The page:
Build LED Digits

Make LED Segments

The first step is to trim your NeoPixel strip into small segments. Measure out and cut seven sections with 8 LEDs per segment. You can use scissors to cut at the line running through a three copper pad section.

You should end up with four extra pixels per meter strip -- save those, you'll end up using three of them as the dots for the colon and decimal point. 

In order to prevent mis-wiring, use a black marker on the back of each strip to indicate the ground line and direction from DIN to DOUT of the NeoPixels. Then, you'll make a jig to arrange them into the segmented digits.

Mark your NeoPixel segments so that you don't accidentally wire any in backwards. It's very easy to do!

CAD Drawings

Click the button to download the drawings needed to cut the acrylic panels on a laser cutter.

To keep the semgents aligned during connection and soldering, as well as to support the flexible digits in the final panel, you'll cut out a jig panel from 3mm acrylic.

Flip the panel over and arrange the strips with LEDs facing down in the jig.

You can now solder small strips of wire to make the connections from ground to ground, 5V to 5V, and DOUT to DIN between each strip.

Use the above photo as a guide -- the segment will be the one connected via wire to the Arduino and power supply and you'll connect them in the order F-A-B-C-D-E-G. (Note: if you play this sequence on a pan flute you may summon a colored LED fairie.)

Soldering short wires works just fine, but to step things up a notch, I decided to mill small PCBs called NeoJoints that were designed just for this purpose by Tod Kurt. I used 82 degree and 98 degree joints to achieve the properly slanted segments. There is also one straight section where B and C join.

It's helpful to tin all of the pads with solder, then tape down all of the parts, and then heat up the solder with the tip of your iron to join them.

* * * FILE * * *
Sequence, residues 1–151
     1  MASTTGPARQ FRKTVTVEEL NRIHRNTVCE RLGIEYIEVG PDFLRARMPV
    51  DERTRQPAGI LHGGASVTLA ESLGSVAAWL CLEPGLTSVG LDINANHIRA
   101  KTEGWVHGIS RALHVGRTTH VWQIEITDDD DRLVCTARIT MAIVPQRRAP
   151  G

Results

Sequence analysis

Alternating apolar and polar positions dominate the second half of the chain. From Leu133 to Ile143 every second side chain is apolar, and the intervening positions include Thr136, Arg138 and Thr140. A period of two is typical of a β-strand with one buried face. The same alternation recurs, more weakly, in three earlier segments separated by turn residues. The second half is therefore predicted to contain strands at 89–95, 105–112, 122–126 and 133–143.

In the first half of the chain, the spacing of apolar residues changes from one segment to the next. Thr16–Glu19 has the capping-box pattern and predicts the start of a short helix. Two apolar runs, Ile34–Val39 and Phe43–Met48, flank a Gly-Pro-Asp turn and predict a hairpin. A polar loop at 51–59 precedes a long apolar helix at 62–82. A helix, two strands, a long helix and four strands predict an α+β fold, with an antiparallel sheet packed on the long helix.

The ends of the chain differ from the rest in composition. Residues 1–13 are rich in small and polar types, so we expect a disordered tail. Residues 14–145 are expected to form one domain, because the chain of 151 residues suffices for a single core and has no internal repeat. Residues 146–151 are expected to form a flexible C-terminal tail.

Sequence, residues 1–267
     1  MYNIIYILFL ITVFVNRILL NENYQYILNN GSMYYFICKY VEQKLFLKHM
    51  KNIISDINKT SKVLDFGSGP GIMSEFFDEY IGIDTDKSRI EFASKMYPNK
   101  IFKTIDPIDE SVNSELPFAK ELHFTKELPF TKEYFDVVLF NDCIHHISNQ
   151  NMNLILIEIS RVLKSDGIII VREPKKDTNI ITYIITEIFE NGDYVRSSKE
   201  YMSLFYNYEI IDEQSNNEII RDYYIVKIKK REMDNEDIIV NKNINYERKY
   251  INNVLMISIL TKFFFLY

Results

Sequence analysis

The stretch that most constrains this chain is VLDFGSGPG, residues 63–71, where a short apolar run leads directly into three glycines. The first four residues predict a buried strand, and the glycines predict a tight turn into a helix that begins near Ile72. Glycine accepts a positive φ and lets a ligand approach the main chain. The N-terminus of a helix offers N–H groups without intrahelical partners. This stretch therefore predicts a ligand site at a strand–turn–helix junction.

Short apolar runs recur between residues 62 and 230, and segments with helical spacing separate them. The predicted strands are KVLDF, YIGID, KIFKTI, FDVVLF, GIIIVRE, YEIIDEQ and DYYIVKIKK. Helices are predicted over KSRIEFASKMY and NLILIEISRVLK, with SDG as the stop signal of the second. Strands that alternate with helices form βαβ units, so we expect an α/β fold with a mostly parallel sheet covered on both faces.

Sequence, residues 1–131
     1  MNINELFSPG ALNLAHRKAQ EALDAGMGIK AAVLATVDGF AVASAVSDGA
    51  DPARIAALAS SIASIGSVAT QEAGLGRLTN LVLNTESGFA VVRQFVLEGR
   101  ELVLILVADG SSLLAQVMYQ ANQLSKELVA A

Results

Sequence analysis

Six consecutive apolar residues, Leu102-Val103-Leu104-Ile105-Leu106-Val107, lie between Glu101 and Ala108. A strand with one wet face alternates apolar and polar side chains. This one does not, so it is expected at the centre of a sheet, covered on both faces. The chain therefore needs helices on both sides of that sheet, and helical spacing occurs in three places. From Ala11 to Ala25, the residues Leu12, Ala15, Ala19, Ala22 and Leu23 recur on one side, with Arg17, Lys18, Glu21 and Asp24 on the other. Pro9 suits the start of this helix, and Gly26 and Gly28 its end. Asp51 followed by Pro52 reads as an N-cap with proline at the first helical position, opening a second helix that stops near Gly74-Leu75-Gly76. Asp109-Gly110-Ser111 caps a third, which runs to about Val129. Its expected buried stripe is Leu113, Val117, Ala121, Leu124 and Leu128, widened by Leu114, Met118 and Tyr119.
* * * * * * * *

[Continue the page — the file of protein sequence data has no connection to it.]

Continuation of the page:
Test continuity with a multimeter after each joint is soldered to catch any possible shorts.

To get data from the Arduio and level shifter to the NeoPixels, you'll solder on a 3-conductor JST SM connector to the open end of segment F. You'll connect the center wire will to the DIN pin, with one outside wire going to GND and the other to 5V.

Choose one cable gender and one conductor to be GND consistently for all digits and cables -- I decided to place the female connectors on the circuitboard and the male connectors on the NeoPixels.

It's important to be consistant with polarity here, so I like to mark one path on all of the connectors with a silver paint pen as the GND line.
Before soldering, slide a short length of silicone sleeve you removed earlier over the connector wires. You'll use this to insulate the connection.

Use your soldering iron to tin each pad and wire, then solder the connections.

Slide the silicone insulator into place. 

Optionally, you can also add a 2-conductor JST SM cable to the out end of the NeoPixel segment to provide power from both ends. This is helpful if you experience dimness on the last pixels of your strip, although I found this wasn't the case for my digits in the end.

To keep things running smoothly and to avoid noise, solder a 1000uF capacitor to the strip. The first NeoJoint is an ideal location -- solder the capacitor negative to GND and positive to 5V line.

This digit is ready for a circuit that can control it!

For the three panels that have a dot for the colon or decimal point, cut a single NeoPixel from a strip and wire it from the end of the G segment over the 5V, DOUT, and GND pads to the 5V, DIN, and GND pads.

Last updated on 2017-03-15 at 02.29.39 AM Published on 2017-03-15 at 04.58.42 PM